Time matters in multiple sclerosis: diagnose early to maximise brain health
AMA members are advised of a new guide for GPs on the diagnosis and management of Multiple sclerosis (MS).
Early diagnosis is crucial to long term brain health. However, symptoms of multiple sclerosis are varied and it is therefore difficult to diagnose. There is also a perception that little can be done to treat multiple sclerosis. This is not the case.
This concise guide provides advice for GPs, including how to:
- Identify symptoms that may indicate multiple sclerosis in a timely manner
- Refer patients to a specialist neurologist and MS clinic
- Follow up with patients to provide ongoing care and support their brain healthy lifestyle.
The guide is based on an evidence-based international consensus report, Brain Health: time matters in multiple sclerosis, which describes a strategy to maximise lifelong brain health and includes recommendations on how to achieve this goal. Key points of relevance to GPs are highlighted in the short guide.
The diagnosis, treatment and management of multiple sclerosis is changing rapidly. There are currently more than 12 medications available on the PBS in Australia.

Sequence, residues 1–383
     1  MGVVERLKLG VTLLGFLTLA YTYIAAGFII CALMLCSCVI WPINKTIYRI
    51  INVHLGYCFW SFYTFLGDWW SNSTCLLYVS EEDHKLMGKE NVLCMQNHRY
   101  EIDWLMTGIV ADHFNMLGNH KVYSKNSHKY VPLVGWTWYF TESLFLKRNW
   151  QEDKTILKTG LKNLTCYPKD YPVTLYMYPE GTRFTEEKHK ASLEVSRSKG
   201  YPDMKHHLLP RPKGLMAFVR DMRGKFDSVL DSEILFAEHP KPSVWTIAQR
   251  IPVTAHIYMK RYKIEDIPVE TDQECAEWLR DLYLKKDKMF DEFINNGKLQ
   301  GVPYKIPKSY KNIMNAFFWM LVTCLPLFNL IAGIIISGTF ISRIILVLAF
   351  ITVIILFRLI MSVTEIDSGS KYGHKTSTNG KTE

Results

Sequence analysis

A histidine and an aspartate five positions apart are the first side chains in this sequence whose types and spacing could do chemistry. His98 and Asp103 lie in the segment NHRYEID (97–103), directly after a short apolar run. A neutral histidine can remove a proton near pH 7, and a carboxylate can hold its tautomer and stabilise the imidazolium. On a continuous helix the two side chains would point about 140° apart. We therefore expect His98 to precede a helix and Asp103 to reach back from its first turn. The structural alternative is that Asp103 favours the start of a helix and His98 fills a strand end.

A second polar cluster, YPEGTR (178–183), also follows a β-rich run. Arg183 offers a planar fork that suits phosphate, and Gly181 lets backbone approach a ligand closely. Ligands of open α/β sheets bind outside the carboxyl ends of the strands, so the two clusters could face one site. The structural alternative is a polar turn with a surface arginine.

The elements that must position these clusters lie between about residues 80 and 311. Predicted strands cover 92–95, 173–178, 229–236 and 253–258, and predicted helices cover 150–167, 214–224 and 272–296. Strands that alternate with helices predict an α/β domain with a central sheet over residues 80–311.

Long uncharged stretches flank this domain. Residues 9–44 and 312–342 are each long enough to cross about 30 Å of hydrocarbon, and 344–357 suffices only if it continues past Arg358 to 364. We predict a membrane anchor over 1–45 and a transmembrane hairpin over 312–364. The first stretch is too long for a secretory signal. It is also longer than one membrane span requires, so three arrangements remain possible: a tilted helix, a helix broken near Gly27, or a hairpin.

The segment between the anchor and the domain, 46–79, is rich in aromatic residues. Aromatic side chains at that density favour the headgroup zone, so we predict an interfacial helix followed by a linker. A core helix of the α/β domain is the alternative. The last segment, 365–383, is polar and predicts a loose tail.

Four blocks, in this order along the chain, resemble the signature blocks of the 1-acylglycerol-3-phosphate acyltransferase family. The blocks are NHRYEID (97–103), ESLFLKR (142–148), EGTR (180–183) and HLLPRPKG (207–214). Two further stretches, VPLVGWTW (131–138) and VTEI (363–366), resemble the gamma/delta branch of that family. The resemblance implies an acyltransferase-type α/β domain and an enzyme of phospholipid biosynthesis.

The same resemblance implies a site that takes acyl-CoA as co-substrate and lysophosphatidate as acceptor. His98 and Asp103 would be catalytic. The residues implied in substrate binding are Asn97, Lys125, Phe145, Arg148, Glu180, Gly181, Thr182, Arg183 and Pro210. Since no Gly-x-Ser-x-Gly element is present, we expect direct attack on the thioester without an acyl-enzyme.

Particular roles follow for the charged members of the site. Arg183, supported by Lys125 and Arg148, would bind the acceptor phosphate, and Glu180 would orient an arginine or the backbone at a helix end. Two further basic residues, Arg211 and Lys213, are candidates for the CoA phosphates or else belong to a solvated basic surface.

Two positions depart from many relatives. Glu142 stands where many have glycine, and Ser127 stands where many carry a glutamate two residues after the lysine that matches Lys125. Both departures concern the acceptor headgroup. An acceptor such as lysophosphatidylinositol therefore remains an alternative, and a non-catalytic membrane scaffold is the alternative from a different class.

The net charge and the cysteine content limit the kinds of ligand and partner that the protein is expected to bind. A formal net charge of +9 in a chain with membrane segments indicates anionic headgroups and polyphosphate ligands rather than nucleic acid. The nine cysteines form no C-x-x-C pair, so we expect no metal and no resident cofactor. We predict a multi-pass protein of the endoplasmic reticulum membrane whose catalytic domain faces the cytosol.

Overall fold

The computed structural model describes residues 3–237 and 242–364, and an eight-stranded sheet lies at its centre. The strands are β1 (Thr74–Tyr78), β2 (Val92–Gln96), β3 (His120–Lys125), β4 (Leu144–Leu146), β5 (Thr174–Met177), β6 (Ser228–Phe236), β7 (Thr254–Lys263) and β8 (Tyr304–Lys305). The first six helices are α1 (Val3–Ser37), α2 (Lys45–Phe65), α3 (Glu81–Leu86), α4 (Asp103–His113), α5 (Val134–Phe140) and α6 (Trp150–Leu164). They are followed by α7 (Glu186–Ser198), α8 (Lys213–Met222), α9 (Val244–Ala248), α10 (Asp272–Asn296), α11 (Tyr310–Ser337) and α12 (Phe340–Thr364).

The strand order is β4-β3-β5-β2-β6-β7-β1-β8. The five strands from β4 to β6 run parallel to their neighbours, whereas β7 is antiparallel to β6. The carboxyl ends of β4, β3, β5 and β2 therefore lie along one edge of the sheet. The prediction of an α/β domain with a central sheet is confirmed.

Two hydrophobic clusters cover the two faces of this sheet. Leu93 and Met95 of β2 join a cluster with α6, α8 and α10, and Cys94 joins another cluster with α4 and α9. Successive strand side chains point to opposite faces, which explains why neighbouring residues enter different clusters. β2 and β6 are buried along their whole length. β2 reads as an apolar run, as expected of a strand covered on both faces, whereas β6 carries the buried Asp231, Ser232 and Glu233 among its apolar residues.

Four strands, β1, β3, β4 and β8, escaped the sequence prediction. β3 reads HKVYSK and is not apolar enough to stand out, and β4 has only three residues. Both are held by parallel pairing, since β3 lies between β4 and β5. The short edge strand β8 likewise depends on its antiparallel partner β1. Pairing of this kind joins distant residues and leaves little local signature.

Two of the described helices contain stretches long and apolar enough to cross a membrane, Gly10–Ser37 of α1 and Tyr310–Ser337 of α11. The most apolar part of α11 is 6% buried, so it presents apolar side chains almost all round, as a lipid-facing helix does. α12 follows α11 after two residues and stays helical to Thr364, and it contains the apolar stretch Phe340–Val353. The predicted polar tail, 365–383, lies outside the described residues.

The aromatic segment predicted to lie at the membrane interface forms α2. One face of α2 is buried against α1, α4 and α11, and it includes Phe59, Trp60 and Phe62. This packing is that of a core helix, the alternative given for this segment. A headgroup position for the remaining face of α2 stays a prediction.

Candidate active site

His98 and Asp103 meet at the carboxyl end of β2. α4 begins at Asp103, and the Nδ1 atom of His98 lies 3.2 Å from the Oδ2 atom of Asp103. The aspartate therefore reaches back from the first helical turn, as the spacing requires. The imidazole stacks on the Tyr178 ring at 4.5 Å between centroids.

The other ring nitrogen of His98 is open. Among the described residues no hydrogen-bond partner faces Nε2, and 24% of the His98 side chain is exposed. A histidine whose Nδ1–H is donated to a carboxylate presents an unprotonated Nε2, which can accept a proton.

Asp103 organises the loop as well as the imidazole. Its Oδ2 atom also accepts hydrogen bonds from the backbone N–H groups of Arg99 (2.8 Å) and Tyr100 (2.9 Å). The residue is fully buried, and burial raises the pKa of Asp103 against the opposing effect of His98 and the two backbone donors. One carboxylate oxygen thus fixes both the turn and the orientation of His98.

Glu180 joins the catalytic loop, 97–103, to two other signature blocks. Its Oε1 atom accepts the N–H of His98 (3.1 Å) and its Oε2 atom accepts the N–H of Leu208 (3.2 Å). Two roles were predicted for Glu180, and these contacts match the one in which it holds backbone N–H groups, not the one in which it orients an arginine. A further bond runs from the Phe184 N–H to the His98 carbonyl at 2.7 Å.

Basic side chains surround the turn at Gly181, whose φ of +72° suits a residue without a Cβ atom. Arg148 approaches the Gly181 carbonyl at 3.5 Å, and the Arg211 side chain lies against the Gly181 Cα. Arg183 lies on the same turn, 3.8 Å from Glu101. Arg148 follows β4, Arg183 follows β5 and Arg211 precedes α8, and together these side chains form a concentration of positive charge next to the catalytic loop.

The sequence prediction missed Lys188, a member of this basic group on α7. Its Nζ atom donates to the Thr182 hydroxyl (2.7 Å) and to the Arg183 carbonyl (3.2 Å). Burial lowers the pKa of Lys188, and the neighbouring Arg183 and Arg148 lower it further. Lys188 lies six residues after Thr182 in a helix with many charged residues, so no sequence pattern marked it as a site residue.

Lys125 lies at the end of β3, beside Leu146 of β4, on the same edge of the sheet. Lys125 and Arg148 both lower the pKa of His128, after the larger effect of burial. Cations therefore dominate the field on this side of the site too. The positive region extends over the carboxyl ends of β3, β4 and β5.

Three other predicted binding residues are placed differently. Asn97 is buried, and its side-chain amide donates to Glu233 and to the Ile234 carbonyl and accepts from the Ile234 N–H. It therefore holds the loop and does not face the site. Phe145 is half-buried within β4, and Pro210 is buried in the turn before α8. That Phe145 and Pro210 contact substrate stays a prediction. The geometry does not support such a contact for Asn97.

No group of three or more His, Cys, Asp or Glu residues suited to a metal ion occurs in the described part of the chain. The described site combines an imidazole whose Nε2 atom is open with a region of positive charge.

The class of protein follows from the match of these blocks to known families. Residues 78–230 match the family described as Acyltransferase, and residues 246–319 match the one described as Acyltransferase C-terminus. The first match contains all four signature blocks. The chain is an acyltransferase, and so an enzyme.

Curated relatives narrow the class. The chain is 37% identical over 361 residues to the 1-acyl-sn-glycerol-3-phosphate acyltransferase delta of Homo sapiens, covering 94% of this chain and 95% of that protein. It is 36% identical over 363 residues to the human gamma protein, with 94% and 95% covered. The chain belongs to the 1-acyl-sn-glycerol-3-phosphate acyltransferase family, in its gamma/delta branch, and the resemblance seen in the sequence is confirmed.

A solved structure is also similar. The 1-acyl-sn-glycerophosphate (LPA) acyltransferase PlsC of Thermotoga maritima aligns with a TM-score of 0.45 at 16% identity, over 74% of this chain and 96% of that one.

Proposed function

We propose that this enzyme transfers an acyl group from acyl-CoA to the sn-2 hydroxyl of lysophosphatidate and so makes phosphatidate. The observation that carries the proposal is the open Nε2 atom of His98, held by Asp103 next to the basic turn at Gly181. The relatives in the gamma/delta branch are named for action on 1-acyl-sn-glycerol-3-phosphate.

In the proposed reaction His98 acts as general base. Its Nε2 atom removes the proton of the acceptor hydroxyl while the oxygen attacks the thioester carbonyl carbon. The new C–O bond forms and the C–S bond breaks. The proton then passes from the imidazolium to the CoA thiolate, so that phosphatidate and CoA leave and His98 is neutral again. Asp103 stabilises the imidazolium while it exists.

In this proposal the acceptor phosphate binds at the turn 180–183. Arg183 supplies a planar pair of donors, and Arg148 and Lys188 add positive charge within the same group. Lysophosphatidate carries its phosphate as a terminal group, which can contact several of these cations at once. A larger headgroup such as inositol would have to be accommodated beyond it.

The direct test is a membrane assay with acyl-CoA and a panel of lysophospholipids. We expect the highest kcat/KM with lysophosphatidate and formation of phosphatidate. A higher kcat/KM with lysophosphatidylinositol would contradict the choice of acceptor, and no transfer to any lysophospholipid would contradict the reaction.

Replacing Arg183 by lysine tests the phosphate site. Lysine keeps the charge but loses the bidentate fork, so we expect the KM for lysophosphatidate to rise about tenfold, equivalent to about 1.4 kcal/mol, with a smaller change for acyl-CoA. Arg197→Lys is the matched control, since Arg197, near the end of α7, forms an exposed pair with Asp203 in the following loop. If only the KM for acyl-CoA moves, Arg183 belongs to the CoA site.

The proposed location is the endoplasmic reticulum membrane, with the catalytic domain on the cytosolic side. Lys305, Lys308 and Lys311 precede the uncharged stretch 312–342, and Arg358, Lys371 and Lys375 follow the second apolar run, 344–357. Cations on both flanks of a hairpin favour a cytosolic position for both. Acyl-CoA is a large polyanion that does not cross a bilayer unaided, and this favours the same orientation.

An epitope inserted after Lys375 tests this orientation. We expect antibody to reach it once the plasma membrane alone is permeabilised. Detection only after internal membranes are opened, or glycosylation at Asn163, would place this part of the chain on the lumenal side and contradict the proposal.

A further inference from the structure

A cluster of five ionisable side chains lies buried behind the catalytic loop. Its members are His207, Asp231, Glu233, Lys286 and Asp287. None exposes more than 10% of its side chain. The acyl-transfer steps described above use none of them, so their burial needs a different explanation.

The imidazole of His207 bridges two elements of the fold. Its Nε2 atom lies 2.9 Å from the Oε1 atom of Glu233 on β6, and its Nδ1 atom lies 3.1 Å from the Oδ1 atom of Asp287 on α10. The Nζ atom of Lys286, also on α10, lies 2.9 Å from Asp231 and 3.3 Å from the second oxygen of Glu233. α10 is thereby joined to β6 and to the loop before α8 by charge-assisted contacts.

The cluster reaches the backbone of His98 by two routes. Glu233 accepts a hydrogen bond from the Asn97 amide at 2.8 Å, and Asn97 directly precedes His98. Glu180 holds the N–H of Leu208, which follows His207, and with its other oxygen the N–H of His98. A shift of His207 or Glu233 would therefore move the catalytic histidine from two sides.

By minimising delays in diagnosis and referral to a specialist, you can help to maximize brain health and improve the lives of people with MS.
To find out more please visit the MS Brain Health website.
Key facts about Multiple sclerosis:
- Is a neurological condition affecting the central nervous system (brain, optic nerve and spinal cord) that affects more than 25,600 Australians
- Is the most common chronic neurological condition diagnosed in young adults
- Is most commonly diagnosed between the ages of 20 and 40
- Affects mainly women, with three in every four diagnoses
- Varies significantly from person to person: for some people, it is a disease that comes and goes in severity with periods of unpredictable relapse and remission, while for others it means a progressive decline over time
- Includes a variety of symptoms such as severe pain, walking difficulties, debilitating fatigue, partial blindness and thinking and memory problems.
- Is more treatable and manageable than ever before, especially with a swift diagnosis and take up of new treatment options.